Aetna, a major US insurer, has announced an initial grant of $50,000 to support the work of the National Kidney Registry, a nonprofit that specializes in matching organs.
Nearly 80,000 Americans are currently waiting for a kidney transplant, but the odds of getting one soon are grim. Only 17,000 transplants are performed annually, and many candidates wait years on dialysis or die in the meantime.
The growing number of paired kidney swaps and, more recently, donor chains take a mathematical approach to solving the country's kidney shortage. Swaps involve two or more pairs of recipients and donors, often family members. One pair is incompatible with each other but the donor matches the recipient in another incompatible pair, whose donor matches the other recipient.
Transplant chains take it one step further with a domino approach, in which a mismatched donor "pays it forward" by giving to another patient with an incompatible donor, and so on. The matching approach could lead to hundreds, if not thousands, of additional live-organ transplants, but only as the donor-recipient pool grows.
Aetna is also planning a mass-communication campaign to encourage its 3,385 plan members who are waiting for a kidney to sign up with the registry in the hope they bring their own incompatible donors with them.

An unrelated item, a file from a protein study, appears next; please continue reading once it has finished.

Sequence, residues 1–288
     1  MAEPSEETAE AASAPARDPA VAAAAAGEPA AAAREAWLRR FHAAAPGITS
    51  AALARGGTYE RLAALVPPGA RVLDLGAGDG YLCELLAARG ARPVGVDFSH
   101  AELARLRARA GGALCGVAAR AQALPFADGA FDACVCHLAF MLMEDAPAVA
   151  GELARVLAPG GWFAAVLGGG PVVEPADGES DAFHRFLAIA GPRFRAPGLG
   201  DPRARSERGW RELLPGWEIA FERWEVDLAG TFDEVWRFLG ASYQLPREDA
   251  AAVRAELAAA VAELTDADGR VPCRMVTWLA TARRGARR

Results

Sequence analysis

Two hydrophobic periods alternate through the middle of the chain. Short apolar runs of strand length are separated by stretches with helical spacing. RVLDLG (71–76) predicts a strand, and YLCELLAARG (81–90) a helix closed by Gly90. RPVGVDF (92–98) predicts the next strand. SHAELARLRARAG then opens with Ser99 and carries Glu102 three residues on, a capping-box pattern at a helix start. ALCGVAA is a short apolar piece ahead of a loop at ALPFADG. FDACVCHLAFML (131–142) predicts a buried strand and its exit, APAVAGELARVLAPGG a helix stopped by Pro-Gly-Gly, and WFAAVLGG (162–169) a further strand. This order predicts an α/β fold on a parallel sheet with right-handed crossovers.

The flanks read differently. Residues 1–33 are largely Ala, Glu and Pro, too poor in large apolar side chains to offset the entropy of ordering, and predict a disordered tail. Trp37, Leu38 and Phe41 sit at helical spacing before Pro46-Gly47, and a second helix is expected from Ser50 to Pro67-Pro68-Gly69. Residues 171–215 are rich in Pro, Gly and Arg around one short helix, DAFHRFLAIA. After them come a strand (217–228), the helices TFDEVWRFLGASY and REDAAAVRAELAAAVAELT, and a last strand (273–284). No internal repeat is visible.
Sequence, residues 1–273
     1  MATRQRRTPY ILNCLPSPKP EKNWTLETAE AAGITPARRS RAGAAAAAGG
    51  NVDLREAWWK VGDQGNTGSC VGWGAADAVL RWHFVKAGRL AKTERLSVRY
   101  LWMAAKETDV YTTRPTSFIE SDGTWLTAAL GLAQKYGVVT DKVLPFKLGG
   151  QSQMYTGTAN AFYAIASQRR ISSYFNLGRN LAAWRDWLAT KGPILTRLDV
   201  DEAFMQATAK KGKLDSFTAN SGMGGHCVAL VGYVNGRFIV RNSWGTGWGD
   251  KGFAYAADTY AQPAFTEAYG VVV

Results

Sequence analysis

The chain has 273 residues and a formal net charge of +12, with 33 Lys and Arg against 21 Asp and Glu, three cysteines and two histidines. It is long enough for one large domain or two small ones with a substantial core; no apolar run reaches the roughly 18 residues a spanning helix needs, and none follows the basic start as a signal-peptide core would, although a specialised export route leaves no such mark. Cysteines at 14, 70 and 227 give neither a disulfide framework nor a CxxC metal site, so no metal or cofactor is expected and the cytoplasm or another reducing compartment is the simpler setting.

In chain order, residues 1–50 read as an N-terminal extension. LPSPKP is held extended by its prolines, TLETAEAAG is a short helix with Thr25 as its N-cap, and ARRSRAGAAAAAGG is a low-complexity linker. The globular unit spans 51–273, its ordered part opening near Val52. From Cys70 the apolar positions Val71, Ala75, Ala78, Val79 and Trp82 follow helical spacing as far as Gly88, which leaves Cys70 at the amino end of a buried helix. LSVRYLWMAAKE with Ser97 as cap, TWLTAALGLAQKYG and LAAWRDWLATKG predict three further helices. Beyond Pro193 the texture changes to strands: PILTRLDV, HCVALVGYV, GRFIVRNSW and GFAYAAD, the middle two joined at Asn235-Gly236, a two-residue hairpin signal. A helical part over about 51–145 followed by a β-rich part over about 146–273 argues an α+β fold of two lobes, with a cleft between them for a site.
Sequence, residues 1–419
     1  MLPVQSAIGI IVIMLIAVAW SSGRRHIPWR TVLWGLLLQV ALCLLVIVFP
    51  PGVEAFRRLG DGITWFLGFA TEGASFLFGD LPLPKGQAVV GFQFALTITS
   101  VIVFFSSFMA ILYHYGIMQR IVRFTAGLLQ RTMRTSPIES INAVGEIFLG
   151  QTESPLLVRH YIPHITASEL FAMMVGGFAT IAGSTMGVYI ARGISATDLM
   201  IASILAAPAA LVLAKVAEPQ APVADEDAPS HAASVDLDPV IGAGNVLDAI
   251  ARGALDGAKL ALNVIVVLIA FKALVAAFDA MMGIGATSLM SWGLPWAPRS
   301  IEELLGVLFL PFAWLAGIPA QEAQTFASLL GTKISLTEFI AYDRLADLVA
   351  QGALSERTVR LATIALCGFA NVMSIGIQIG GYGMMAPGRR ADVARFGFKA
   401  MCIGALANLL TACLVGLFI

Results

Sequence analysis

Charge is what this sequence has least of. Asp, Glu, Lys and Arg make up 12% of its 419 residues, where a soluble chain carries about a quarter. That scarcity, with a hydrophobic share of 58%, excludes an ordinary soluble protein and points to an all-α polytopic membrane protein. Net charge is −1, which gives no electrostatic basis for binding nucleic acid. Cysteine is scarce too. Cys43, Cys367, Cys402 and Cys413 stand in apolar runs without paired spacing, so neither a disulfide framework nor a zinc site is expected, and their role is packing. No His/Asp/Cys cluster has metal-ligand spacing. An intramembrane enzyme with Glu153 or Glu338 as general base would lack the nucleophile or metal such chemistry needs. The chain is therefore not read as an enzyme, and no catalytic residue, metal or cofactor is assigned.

The move makes a lot of sense for a health insurer, says Aetna President Mark Bertolini, who donated his own kidney to his 23-year-old son, Eric, a cancer survivor, two years ago. The yearly cost of dialysis is approximately $50,0000 compared with $8,500 to treat someone who is recovering from a transplant. "We'll encourage all of our competitors to do this, too," he said.
The National Kidney Registry has already facilitated 31 life-saving transplants over the past 14 months including the first ever multi-center six-way swap. The Registry currently has matches identified for 36 additional patients with incompatible donors.
Using their national donor and patient database, the Registry has the potential to facilitate thousands of transplants while providing better transplant outcomes for patients and reducing health care costs by $100 billion dollars from transplants facilitated over the next 10 years.